For the bulk of every Rocky and Bullwinkle episode, moose and squirrel would engage in high concept escapades that satirized geopolitics, contemporary cinema, and the very fabrics of the human condition. With all of that to work with, there's no excuse for why the pair and their Soviet nemeses haven't gotten a decent movie adaptation. But the ingenious Mr. Peabody and his faithful boy Sherman are another story, intercut between Rocky and Bullwinkle segments to teach kids brief history lessons and toss in a nearly lethal dose of puns. Their stories and relationship were much simpler, which means that bringing their shtick to the big screen would entail a lot more invention — always risky when you're dealing with precious material.
For the most part, Mr. Peabody & Sherman handles the regeneration of its heroes aptly, allowing for emotionally substance in their unique father-son relationship and all the difficulties inherent therein. The story is no subtle metaphor for the difficulties surrounding gay adoption, with society decreeing that a dog, no matter how hyper-intelligent, cannot be a suitable father. The central plot has Peabody hosting a party for a disapproving child services agent and the parents of a young girl with whom 7-year-old Sherman had a schoolyard spat, all in order to prove himself a suitable dad. Of course, the WABAC comes into play when the tots take it for a spin, forcing Peabody to rush to their rescue.
Getting down to personals, we also see the left brain-heavy Peabody struggle with being father Sherman deserves. The bulk of the emotional marks are hit as we learn just how much Peabody cares for Sherman, and just how hard it has been to accept that his only family is growing up and changing.
But more successful than the new is the film's handling of the old — the material that Peabody and Sherman purists will adore. They travel back in time via the WABAC Machine to Ancient Egypt, the Renaissance, and the Trojan War, and 18th Century France, explaining the cultural backdrop and historical significance of the settings and characters they happen upon, all with that irreverent (but no longer racist) flare that the old cartoons enjoyed. And oh... the puns.
Mr. Peabody & Sherman is a f**king treasure trove of some of the most amazingly bad puns in recent cinema. This effort alone will leave you in awe.
The film does unravel in its final act, bringing the science-fiction of time travel a little too close to the forefront and dropping the ball on a good deal of its emotional groundwork. What seemed to be substantial building blocks do not pay off in the way we might, as scholars of animated family cinema, have anticipated, leaving the movie with an unfinished feeling.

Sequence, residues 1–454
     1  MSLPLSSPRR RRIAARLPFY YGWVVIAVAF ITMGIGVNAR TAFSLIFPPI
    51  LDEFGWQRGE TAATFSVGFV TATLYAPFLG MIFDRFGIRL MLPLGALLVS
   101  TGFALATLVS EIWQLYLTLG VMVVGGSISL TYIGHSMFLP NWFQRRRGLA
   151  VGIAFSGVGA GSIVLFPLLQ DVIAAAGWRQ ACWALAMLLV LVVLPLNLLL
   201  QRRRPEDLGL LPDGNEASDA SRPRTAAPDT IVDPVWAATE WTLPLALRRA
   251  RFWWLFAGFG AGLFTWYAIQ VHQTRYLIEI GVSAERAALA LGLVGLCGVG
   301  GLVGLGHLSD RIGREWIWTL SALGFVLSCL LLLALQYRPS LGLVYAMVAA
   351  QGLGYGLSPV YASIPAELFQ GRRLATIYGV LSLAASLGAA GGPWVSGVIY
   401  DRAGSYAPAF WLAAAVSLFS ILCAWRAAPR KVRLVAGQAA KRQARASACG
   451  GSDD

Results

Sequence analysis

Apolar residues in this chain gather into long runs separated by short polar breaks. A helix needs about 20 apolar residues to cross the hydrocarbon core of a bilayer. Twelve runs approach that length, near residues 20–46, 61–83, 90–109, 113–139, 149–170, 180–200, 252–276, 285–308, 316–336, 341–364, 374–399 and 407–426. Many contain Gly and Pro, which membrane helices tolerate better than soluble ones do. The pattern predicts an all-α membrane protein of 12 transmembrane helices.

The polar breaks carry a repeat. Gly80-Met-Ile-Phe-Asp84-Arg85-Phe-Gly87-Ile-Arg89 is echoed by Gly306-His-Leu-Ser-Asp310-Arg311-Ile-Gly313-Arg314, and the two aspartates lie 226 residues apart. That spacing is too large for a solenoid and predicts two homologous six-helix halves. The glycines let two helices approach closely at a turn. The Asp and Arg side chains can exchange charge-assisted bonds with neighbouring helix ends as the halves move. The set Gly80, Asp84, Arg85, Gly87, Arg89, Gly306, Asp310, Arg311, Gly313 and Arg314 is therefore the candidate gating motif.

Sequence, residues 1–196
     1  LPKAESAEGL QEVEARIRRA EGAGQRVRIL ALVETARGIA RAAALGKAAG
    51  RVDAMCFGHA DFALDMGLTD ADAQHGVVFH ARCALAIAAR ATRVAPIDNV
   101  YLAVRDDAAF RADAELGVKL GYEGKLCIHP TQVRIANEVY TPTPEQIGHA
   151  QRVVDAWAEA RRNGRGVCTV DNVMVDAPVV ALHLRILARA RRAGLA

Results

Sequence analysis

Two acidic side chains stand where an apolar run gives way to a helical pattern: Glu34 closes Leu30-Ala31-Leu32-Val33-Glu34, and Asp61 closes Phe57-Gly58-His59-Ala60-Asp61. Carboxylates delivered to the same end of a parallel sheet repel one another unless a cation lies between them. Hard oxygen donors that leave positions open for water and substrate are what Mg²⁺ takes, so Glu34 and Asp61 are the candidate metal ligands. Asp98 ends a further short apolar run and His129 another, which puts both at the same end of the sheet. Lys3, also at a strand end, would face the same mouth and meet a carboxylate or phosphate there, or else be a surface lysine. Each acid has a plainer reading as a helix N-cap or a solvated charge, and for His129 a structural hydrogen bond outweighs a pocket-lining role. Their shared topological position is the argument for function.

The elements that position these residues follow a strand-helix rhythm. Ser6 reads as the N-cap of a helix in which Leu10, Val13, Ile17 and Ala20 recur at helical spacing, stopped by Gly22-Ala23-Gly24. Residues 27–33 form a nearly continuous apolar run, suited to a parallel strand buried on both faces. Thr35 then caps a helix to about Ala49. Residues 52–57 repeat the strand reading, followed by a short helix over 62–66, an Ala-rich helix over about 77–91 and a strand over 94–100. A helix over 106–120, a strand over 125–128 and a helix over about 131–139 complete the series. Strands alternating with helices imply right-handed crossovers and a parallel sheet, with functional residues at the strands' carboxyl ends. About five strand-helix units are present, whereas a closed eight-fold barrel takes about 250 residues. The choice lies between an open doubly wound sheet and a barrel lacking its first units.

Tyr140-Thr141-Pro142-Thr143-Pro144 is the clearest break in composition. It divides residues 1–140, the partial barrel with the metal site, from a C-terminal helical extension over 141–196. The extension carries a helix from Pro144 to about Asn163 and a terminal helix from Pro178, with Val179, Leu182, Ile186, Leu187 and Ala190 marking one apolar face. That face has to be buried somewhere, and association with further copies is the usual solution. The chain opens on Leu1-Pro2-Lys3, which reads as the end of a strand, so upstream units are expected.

But all in all, it's a bright, compassionate, reasonably educational, and occasionally funny if not altogether worthy tribute to an old favorite. And since we don't have our own WABAC machine to return to a time of regularly scheduled Peabody and Sherman cartoons, this will do okay for now.
If nothing else, it's worth your time for the puns.
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David Mitchell's novel Cloud Atlas consists of six stories set in various periods between 1850 and a time far into Earth's post-apocalyptic future. Each segment lives on its own the previous first person account picked up and read by a character in its successor creating connective tissue between each moment in time. The various stories remain intact for Tom Tykwer's (Run Lola Run) Lana Wachowski's and Andy Wachowski's (The Matrix) film adaptation which debuted at the Toronto International Film Festival. The massive change comes from the interweaving of the book's parts into one three-hour saga — a move that elevates the material and transforms Cloud Atlas in to a work of epic proportions.
Don't be turned off by the runtime — Cloud Atlas moves at lightning pace as it cuts back and forth between its various threads: an American notary sailing the Pacific; a budding musician tasked with transcribing the hummings of an accomplished 1930's composer; a '70s-era investigatory journalist who uncovers a nefarious plot tied to the local nuclear power plant; a book publisher in 2012 who goes on the run from gangsters only to be incarcerated in a nursing home; Sonmi~451 a clone in Neo Seoul who takes on the oppressive government that enslaves her; and a primitive human from the future who teams with one of the few remaining technologically-advanced Earthlings in order to survive. Dense but so was the unfamiliar world of The Matrix. Cloud Atlas has more moving parts than the Wachowskis' seminal sci-fi flick but with additional ambition to boot. Every second is a sight to behold.